Bone Density Test (DEXA)
A bone density test, also called dual-energy x-ray absorptiometry (DEXA) is a quick and noninvasive method for diagnosing osteopenia and osteoporosis (loss of bone density). A low dose ionizing radiation is used to calculate the density of bone and thus the amount of bone loss. Usually the density of the hips and lumbar spine is obtained, but if you had a hip replacements or posterior lumbar spinal fusion with pedicle screws in the back, bone density cannot be done in these areas. In these cases, bone density of the wrist will be done.
In post-menopausal women and men older than 50 years, a T-score is calculated. This is a comparison by standard deviation (SD) to a young adult population matched for sex and ethnicity. In pre-menopausal women and men younger than 50 years, a Z-score is calculated – compared by SD to an age, sex and ethnicity.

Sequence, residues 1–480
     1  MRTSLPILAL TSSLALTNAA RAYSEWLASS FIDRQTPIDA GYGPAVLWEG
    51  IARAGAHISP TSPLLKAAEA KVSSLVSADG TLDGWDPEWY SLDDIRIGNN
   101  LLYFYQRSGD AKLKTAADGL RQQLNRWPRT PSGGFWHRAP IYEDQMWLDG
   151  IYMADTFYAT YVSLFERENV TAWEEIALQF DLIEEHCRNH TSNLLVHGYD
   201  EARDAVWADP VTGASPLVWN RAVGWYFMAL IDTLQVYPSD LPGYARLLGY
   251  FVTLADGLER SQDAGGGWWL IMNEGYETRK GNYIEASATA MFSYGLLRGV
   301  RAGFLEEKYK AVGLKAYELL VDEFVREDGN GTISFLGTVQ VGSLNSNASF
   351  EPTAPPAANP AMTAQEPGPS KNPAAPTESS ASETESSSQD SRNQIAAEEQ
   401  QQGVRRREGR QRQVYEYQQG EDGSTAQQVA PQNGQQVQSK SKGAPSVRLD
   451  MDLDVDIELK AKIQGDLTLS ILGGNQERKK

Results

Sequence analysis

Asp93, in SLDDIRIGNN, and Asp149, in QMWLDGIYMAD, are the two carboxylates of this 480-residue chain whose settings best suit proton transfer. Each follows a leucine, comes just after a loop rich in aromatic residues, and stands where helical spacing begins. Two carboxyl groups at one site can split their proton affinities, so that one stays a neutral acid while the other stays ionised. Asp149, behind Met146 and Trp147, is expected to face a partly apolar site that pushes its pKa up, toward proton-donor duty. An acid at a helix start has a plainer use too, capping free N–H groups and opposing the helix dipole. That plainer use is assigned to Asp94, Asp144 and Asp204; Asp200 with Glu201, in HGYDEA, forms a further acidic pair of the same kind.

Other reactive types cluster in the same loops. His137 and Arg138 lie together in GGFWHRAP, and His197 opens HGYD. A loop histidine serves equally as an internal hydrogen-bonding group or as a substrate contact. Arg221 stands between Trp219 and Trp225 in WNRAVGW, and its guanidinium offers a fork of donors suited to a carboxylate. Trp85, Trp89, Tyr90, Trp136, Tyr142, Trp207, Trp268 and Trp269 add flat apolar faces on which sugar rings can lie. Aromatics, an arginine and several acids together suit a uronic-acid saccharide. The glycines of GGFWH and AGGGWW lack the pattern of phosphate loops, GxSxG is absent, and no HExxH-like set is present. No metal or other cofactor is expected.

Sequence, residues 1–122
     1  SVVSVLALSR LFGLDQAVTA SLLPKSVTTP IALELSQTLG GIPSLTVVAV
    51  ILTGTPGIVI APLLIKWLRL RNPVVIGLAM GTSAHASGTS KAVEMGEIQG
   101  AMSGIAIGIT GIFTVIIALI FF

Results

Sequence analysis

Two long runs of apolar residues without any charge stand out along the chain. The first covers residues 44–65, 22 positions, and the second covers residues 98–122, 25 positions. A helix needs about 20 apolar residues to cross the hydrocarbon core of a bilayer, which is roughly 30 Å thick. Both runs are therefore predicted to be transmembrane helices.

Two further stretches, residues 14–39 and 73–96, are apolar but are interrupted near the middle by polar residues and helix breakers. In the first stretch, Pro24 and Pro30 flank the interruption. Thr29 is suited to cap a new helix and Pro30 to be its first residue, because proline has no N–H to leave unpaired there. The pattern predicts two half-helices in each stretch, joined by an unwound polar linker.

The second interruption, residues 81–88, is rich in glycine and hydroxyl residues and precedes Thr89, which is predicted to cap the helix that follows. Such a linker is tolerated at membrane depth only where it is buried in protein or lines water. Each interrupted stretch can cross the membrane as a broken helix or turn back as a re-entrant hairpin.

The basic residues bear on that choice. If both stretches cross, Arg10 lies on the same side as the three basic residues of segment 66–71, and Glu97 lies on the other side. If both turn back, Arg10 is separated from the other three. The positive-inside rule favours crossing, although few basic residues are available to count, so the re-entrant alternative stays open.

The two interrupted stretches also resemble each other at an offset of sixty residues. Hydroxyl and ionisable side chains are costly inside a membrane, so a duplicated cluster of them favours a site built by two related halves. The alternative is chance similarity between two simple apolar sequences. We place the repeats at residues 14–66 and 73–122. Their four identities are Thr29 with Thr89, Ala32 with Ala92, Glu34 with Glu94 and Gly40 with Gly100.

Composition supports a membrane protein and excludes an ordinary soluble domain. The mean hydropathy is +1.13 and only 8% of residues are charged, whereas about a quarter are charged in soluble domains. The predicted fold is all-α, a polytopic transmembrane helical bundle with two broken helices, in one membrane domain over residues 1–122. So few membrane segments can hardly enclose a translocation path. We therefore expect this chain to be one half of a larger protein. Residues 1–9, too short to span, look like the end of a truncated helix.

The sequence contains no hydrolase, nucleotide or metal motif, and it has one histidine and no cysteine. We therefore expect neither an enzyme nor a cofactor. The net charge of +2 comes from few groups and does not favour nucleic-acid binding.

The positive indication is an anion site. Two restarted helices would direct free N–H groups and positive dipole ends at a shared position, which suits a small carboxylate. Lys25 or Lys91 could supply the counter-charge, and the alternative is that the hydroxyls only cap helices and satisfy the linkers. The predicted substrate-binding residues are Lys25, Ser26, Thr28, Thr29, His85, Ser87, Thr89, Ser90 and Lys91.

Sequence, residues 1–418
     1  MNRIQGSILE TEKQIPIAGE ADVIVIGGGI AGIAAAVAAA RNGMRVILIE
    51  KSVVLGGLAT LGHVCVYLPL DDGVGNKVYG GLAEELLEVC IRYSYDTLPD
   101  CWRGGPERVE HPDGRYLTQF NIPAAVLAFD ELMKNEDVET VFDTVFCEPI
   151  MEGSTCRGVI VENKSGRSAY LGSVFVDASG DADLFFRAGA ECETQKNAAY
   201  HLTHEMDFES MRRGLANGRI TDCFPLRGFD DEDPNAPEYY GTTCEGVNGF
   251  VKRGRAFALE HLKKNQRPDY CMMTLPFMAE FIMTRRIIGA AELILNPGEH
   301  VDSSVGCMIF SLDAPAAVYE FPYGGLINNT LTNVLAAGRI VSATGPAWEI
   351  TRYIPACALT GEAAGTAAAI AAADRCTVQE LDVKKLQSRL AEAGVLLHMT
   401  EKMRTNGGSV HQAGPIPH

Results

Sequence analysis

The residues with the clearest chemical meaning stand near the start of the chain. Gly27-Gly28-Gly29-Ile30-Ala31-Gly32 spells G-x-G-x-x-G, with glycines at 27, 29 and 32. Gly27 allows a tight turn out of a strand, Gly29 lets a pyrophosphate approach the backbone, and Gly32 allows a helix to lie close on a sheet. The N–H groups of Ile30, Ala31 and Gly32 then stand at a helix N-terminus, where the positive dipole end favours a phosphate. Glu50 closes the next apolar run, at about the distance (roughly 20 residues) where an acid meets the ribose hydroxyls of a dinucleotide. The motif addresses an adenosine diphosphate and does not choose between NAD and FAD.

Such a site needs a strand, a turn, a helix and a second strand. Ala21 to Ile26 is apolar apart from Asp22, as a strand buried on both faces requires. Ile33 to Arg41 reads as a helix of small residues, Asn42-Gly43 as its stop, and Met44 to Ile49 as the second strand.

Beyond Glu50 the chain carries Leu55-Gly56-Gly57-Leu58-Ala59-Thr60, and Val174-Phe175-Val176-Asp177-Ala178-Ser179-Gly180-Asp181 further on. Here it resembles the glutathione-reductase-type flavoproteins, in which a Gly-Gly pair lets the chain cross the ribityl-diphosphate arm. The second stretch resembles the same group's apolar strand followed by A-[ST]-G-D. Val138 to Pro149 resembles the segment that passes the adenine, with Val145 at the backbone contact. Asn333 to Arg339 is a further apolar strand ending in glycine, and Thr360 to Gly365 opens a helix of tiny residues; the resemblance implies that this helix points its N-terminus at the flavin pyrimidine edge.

As with all other studies, you will need your referral letter, ID and medical aid card. The reception staff will help you with medical aid approval if needed. It is advisable to phone in advance to confirm a date and time.
On arrival you will be asked to undress and put on a radiology dress. This is to remove any additional density from clothing such as belts, zippers ext. to get an accurate measurement. As mentioned before, this is a noninvasive examination. You will have to be able to keep still for a few minutes whilst lying on your back.
A bone density test should not be performed if you are pregnant.